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'LeT is a monster that ISI created'

Source: PTI
December 23, 2008 18:26 IST
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Pakistan's Inter-Services Intelligence created Lashkar-e-Tayiba and has definite links with the terror group which has been involved in attacks in Mumbai, The Times has reported.

'The ISI created Lashkar-e-Tayiba, which is no more under its control. These jihadis were there in Jammu and Kashmir and we supported them,' the report quoted an unnamed senior ISI official as saying.

'It's (LeT) a monster we created and now we can't get it back in the bottle,' the official told the daily commenting on ISI's links with Lashkar.

The report was filed from Muridke in Pakistan, which is the headquarters of the now banned Jamaat-ud-Dawah.

The ISI had forged ties with jihadi groups throughout the 1980s when the CIA used it to support the Mujahideen against the Soviet Army in Afghanistan and when it saw an opportunity in 1989 to weaken India by creating trouble in Jammu and Kashmir, the outfit's terrorists were infiltrated into India, the newspaper reported.

General Asad Durrani, ISI chief from 1990-92, denied supporting LeT in his tenure, but admitted that Pakistan had an interest in supporting such groups.

'Given Kashmir's history, we can't be expected to remain uninterested,' he added.

The ISI, the report said, officially severed links with LeT in 2002 after the group attacked Indian Parliament, but Indian and US intelligence believe that it maintained covert support, probably through ex-ISI officers.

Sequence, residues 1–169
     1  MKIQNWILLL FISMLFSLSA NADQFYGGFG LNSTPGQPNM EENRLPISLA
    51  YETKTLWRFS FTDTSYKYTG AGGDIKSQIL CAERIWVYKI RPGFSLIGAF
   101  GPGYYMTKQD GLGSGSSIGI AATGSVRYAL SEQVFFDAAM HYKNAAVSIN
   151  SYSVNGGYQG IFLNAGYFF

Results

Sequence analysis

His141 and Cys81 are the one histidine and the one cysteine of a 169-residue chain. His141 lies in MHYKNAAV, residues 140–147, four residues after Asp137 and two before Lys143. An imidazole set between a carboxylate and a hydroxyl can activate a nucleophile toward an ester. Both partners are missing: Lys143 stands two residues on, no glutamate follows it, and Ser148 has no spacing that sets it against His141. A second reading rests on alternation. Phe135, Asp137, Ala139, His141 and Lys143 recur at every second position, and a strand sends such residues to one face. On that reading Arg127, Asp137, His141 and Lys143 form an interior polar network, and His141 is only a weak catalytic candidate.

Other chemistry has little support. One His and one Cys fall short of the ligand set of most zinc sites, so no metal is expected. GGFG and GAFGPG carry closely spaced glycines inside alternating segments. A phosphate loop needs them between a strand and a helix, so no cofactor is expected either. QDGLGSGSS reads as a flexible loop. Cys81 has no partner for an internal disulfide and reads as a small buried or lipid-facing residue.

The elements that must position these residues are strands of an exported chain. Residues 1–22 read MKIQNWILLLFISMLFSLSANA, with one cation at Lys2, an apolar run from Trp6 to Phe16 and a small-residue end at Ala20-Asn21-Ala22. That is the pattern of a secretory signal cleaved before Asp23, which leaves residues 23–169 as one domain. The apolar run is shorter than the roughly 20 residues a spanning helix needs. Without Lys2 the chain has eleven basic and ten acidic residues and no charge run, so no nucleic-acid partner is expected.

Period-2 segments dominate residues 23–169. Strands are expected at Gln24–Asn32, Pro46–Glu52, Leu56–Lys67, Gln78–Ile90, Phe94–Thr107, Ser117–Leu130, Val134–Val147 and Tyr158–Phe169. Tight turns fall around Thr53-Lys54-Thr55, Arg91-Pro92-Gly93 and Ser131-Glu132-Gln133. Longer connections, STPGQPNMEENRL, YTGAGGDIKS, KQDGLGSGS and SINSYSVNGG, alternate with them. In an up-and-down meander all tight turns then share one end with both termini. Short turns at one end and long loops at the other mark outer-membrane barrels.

The Times correspondent, who visited a 75-acre complex in Muridke, said that although the administrator Mohammed Abbas denied any connection with the ISI, it was here (in Muridke), in April 2001.

'Hafiz Mohammed Saeed, LeT's leader at the time, called a meeting of his supporters in the complex of red-brick buildings and neat lawns. Most of the visitors wore the obligatory long beards, but among them was an elderly man with no beard, only a thin, military-style moustache. He was Hamid Gul, the former head of Pakistan's Inter-Services Intelligence (ISI) agency.'

'Yes, I visited there. Retired army officers used to go, too. They used to hold annual fixtures to raise funds and motivate people,' the daily quoted Gul as saying.

'Cleansing the ISI is America's dream, but this is Pakistan's first line of defence. It keeps the country united,' Gul added.

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